[JURIST] United Nations (UN) [official website] independent human rights experts on Monday urged Colombian authorities to reconsider proposed constitutional reforms affecting the military criminal law. Eleven experts, comprising the Special Procedures [official website] mandate-holders of the Human Rights Council [official website] of the UN, wrote an open letter [text] to the government of Colombia expressing their concern that the proposed reforms could prove harmful to administering justice for alleged violations of human rights [UN News Centre report] by allowing military or police institutions rather than independent investigators to be the first to determine the existence of elements of crimes:
We have noted with serious concern that the constitutional reform project would expand the jurisdiction of military or police tribunals, giving them the power to investigate, process and decide on cases of human rights violations which should be under the authority of the ordinary criminal justice system. For instance, although the current project stipulates that criminal military justice institutions will not have jurisdiction over crimes of genocide, crimes against humanity and the crime of enforced disappearances, this detailed and specific listing of crimes – which would fall outside the ambit of the military justice system – allows other international human rights and humanitarian law crimes to fall under the exclusive jurisdiction of military justice.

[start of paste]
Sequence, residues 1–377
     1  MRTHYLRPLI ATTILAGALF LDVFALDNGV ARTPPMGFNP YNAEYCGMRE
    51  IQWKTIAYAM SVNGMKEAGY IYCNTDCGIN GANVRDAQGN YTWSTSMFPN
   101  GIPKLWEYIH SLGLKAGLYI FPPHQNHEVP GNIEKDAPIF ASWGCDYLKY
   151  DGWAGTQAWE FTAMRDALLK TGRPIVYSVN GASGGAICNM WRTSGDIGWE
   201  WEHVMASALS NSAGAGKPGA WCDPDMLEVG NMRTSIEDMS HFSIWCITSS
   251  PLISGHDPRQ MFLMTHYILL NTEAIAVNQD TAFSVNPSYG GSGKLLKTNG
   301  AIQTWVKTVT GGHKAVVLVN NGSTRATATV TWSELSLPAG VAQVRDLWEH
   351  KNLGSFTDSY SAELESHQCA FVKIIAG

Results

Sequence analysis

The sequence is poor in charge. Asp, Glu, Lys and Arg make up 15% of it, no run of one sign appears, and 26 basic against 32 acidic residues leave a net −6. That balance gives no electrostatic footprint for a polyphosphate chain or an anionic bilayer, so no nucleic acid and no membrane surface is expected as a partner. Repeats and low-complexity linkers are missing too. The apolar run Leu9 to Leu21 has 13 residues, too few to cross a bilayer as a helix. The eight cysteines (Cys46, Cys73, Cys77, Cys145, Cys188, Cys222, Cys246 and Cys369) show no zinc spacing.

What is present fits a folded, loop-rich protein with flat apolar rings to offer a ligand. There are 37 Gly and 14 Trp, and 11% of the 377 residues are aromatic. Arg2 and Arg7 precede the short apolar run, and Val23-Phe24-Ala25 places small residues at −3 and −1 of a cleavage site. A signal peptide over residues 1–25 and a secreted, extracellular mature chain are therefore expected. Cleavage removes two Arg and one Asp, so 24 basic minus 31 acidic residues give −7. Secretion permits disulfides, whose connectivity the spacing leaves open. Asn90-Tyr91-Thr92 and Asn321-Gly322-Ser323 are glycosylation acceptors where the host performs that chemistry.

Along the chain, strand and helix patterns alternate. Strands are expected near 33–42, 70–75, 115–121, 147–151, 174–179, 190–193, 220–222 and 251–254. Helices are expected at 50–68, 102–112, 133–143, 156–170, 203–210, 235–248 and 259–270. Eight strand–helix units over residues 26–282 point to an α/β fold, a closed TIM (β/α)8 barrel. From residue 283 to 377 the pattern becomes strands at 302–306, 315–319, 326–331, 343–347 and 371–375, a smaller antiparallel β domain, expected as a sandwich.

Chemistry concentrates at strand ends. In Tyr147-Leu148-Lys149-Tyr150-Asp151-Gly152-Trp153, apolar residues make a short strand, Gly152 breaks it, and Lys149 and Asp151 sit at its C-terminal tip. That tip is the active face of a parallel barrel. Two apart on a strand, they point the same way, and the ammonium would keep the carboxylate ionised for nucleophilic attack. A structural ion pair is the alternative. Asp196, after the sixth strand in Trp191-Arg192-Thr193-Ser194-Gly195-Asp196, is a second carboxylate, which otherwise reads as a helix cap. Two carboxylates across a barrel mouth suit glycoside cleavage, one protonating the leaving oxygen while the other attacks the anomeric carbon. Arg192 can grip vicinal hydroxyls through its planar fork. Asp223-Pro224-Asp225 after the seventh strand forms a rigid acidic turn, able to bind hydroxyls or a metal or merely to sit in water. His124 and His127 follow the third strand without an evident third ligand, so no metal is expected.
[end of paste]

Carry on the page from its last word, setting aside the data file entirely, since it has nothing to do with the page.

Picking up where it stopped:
The panel offered their services to the Colombian government to help develop measures that would advance “the fight against impunity and the achievement of peace in Colombia.” UN independent experts are appointed by the Human Rights Council in an unpaid capacity to examine and report on human rights issues.
This is not the first time the UN has called on Colombia to make reforms affecting their government and military procedures. In August UN Special Rapporteur on the rights of indigenous people James Anaya [official website] also urged [JURIST report] the government of Colombia to advance its negotiations with indigenous authorities in northern Cauca regarding the military presence in the area, as well as other pressing issues. In December 2011 the representative to Colombia for the Office of the High Commissioner for Human Rights (OHCHR) called for a peaceful solution [JURIST report] to the country’s ongoing armed conflict involving hostages held by paramilitary rebels. Also, in 2008, UN High Commissioner for Human Rights Navi Pillay warned [JURIST report] that Colombia faced continuing human rights struggles, including continued hostage takings, arbitrary arrests, and extrajudicial executions by the military.